To each agent, PS stipulated a 2 percent deductible, or $1,600, and $2,500 for personal effects. For medical insurance, we requested $5,000 worth of coverage, and for liability coverage, we asked for $100,000. We also specified that we—the owner—had 20 years of sailing experience, but didn’t hold a captain’s license or any certificate from a sailing or boat handling program. We stated that the boat included an inboard, four-cylinder diesel engine. The sails, we said, were original, but in reasonable condition. There were manual fire extinguishers onboard, but no CO detectors or other fume detectors, and the boat had a float-operated bilge pump. The electronics we described as “basic,” and we told the insurance agents that we didn’t need coverage for the dinghy or its engine.

Except for the quote we received for our Boston location, we claimed that the boat stays in the water and is used year-round. In Boston, we stipulated that it is hauled for seven months each year and stowed on land. We also claimed to have purchased the boat in 2003, but told the agents that we hadn’t procured insurance for it yet. We also said that we had filed no claims on boats we’d owned before. We said that we’d previously owned a Cal 25 for 10 years.

As we obtained these quotes, we paid close attention to the customer service of each agent or company. Customer service can be an important reflection of how a company operates. If that aspect of the interaction is balky from the outset, consumers should be wary. Here’s our round-up of insurance quotes and details regarding each from three regions of the country.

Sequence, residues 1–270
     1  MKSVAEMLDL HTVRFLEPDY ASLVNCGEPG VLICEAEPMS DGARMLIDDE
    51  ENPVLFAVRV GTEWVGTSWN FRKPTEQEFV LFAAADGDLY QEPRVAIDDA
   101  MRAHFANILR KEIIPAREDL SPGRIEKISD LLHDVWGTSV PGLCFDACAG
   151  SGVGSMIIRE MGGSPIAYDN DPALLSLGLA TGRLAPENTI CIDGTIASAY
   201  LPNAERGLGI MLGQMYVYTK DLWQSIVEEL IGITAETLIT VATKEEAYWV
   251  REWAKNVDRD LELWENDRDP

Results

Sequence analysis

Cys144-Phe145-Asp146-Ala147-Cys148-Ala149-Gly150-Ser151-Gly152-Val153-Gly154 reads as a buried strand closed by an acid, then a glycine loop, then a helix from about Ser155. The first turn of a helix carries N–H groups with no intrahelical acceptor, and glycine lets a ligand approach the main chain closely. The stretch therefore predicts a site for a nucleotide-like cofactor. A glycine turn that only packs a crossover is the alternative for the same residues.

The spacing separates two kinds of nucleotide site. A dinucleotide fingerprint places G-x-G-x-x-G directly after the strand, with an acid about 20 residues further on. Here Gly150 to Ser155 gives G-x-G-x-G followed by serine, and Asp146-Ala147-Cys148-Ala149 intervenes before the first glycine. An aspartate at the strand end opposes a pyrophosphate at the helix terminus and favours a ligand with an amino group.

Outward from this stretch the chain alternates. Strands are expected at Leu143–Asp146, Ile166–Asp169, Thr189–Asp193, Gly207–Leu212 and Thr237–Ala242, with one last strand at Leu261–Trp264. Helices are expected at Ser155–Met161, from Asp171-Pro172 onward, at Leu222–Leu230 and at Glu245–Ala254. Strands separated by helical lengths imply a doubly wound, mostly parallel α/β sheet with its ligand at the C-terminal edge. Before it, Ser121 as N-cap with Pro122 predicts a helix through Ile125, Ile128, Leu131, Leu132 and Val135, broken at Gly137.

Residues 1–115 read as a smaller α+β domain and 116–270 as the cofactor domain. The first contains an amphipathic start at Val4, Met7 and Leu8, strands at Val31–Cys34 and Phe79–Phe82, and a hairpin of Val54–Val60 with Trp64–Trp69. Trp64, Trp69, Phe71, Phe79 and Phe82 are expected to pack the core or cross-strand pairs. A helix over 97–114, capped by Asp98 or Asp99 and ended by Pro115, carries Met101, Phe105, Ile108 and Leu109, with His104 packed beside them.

Great Lakes
To get a sense of premiums for policies in this region, we submitted a quote request to National Marine Underwriters, which responded promptly. Their quote offered $80,000 replacement cost coverage for the boat and equipment, with an $800 deductible and $300,000 for liability. Coverage for personal effects was set at $500 with a $50 deductible, and medical coverage was set at $2,500. The premium for this policy would be $848.

We then contacted BoatU.S. for a quote and were initially impressed to receive a proposed policy via phone the next day. The policy set the navigation limits as the “Great Lakes and Tributaries,” offering $500,000 coverage in fuel and spill liability and $5,000 in medical payments. We were also offered $1,000 for boat trailer coverage, which we hadn’t requested.

Under this policy, personal effects coverage was listed at zero, despite our request for $2,500. A follow-up phone call revealed that if the boat had been previously insured, the specifics of our prescribed quote could have been met, but because this was the first time the boat was to be insured, the quote (and all other BoatU.S. quotes we recieved for this story) would only cover liability. BoatU.S. set a limit of $25,000 for uninsured boater coverage for each incident. The annual premium would be $389, which includes $14 for the required BoatU.S. membership.

South Florida